In the end, we found Mehmet with his friends as they were setting up camp. In the evening, they brought out what seemed to be an infinite amount of meat to barbecue. That reminded me of a question about Turkish that I had. The word "çöp" means garbage. And the word "şiş" is the shish of "shish kebab". So why do some restaurants have signs outside announcing "çöp şiş"? Garbage meat?? After the uproarious laughter at my question died down, they showed me what "çöp şiş" is. They had brought some for their meal: it was just meat cubes on a skewer. We tried some. It was delicious.
Briefly back to the topic of garbage, the only downside to the gorgeous Lake Salda was the trash strewn around on the ground. The campsite had closed down, so we were camping there "illegally". Maybe there was no-one there to clean up the site. I dreamed that I had organized a cleanup crew, people coming from all over the world with stick spears and garbage bags to pick up all the trash.
Several villages later, it's the medium-size town of Burdur where we hop on an overnight bus to Cappadocia. I'm the lucky one that get the vomit seat: Cargo delivered by the last passenger. That's OK, the bus ride is only 10 hours! At four in the morning the bus pulls into Göreme: The heart of Cappadocia. The stench of tourism lurks. We head several kilometres out of town to pitch our tent. When it's time to wake up, it's to the tune of a large flame thrower. The big attraction here is hot air balloon rides to watch the sunrise. Seven years ago, I remember you could see three or four balloons. Now, you can see seventy of them plastered on the skyline. It's actually really pretty to watch. The balloon that wakes us up flies by 20 metres off the ground with its passengers yelling out "good morning" to us.
After an expensive coffee, we decide to go to a paid campground so we can do laundry and take a shower. At the campground, the owner shows us a spot. We pay him and give him our passports. This is a common practice although not every hotel or campground will ask for them. Usually, they write down the information and give you back your passport. This is when the problems start. After an hour or two I ask for our passports back and the guy tells me that I will get it back once we leave. So, I ask him again to please return my passport. He tells me that if I don't like it I can leave right now. I tell him that's no problem and to, again, return our passports. The situation deteriorates to the point where I yell at him. The guy loses it and runs towards me with his fist in the air, yelling out gibberish. He then tells me that I should watch myself because he is dangerous. Luckily Jacques is there to diffuse the situation. We pack up our stuff, he returns my passport and we leave. Unless they are a police officers, no-one has the right to keep your passport. A passport is the property of your government and you are responsible for it. I would highly recommend to anyone going to Göreme NOT to go to the Panorama Camping. It is located at the top of the hill coming from Nevşehir.
Instead of feeling unwelcome by the tourist trap of Göreme, we take control and end up doing four nights of the best wild camping yet. Right in the midst of the world famous rock formations where Jacques gives Biggus Dickus a run for his money.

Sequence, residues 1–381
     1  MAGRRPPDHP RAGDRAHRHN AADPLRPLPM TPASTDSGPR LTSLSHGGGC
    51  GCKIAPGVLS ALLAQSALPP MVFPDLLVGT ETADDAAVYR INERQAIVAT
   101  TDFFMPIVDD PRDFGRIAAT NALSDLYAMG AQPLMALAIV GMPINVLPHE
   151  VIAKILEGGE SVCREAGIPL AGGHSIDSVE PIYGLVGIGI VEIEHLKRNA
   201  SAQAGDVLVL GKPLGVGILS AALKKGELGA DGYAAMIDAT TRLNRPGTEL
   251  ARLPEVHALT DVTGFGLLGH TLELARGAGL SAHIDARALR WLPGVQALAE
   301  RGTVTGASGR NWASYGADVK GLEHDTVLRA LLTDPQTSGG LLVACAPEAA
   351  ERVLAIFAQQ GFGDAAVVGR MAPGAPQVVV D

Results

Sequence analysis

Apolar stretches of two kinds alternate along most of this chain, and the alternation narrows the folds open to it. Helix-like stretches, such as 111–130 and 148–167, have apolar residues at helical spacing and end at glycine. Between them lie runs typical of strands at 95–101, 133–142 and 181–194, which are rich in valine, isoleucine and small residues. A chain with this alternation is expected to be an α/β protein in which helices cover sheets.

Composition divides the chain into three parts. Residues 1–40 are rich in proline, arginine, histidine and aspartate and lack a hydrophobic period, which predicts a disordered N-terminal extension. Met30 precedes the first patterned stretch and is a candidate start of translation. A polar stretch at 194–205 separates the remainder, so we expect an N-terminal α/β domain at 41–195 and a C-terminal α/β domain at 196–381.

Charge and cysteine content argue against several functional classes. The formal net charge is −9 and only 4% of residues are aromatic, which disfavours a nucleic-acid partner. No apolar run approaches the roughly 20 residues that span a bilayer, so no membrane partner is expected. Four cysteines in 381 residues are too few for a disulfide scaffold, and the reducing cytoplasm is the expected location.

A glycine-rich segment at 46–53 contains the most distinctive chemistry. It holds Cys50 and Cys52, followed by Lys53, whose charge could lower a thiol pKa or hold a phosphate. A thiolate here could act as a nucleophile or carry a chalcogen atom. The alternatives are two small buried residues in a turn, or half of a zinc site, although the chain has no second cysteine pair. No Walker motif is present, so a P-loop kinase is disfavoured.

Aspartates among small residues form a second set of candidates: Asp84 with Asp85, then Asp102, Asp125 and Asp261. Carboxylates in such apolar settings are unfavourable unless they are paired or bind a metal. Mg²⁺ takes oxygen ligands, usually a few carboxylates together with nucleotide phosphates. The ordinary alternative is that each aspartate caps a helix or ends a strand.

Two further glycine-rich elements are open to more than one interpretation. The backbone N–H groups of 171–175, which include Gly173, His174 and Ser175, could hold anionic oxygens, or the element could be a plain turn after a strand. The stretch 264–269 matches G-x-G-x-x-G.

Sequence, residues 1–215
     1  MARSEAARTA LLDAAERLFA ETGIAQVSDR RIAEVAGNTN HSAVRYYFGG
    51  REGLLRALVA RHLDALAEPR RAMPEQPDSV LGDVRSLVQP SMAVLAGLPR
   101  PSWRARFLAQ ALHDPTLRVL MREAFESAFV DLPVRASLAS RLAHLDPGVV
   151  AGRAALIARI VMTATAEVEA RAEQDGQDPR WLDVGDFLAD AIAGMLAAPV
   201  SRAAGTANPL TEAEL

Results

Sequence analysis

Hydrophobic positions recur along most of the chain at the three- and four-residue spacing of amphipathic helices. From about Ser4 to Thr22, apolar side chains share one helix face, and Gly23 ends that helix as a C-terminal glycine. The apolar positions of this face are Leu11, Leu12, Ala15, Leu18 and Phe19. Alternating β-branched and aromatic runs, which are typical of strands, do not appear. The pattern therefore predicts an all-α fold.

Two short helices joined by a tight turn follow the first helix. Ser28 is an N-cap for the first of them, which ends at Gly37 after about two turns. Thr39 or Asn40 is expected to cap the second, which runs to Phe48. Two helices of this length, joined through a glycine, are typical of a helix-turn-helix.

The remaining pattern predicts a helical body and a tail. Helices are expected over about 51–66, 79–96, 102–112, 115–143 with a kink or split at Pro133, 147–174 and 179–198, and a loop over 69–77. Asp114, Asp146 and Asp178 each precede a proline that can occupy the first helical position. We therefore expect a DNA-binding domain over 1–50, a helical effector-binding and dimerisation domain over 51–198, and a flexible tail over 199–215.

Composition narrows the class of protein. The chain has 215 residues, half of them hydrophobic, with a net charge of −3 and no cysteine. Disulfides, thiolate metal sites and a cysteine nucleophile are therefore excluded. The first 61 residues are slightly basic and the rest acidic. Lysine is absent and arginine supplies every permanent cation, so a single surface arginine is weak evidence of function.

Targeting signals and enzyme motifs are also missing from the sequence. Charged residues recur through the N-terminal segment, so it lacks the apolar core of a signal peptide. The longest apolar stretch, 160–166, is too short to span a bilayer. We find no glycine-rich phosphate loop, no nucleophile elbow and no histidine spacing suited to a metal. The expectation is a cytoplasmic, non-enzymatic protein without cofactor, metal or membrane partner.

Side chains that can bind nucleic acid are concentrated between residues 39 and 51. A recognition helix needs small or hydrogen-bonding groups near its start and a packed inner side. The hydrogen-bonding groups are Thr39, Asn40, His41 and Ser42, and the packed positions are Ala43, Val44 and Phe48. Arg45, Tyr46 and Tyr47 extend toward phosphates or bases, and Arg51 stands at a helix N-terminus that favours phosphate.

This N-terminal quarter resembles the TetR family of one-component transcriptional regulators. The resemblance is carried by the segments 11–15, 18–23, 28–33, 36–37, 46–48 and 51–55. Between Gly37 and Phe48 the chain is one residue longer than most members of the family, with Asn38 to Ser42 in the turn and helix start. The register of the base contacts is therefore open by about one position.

We did not spend any money in Göreme and did our shopping in the neighbouring town of Avanos which is much nicer and friendlier. One morning we realized that we had bushwhacked across thorn bushes and ended up with five flat tires; Michèle two (same tire twice), Jacques two and me one.
Michèle comments: My no-flat-tire record was broken. Not once but twice. That hurt. I had done about 6000 kilometres on those tires without a flat. I was hoping to do 10 000 km or more. Our group flat tire fixing session happened on the morning that we were to ride to Nevşehir to meet Tacettin, the brother of Necmettin, a Turkish mathematician who was also a postdoc at the Centre for Nonlinear Dynamics in Montreal when I was there about 10 years ago. We got all our tires fixed and made it to meet Tacettin in time. His family was incredibly hospitable. He is a physicist and his wife is an engineer. They served us a huge meal for lunch. Including "mantı", a Turkish meat ravioli-like dish that is superb. All home-made. After stuffing ourselves on the delicious food, it was unfortunately time for us to go before it got dark. Outside, where our bikes were locked up, a small group of curious kids from the neighbourhood had gathered. Tacettin translated some of their questions: "Don't you fall over?" one girl asked me as I was attaching all my panniers to the bike. Thank you, Tacettin and Gülizar, for the lovely lunch and conversation. We hope to meet again.
We leave Cappadocia for our final ride with Jacques. On this ride, Jacques get his wish to camp inside a cave. On our way to Kayseri, we find the perfect-sized one. Two rooms and a bike storage cubby hole. The perfect little cave to spend our last night wild camping.
In Kayseri we find a hotel with internet. I eagerly connect to check my email. After gmail finishes with its little progress bar I get hit with news so bad that it doesn't even register and I actually move my mouse cursor to go check another email. Our friend Noa, who has been suffering from the illusion that he was not worth anything, who has been clinically depressed for years, decided to end his life.
Michèle comments: Noa's death is a real shock. It is hard to deal with. It almost feels unreal. We had so hoped that he would win his battle with depression. It helps to remember him in happier days, carefree on his bicycle.
To be continued...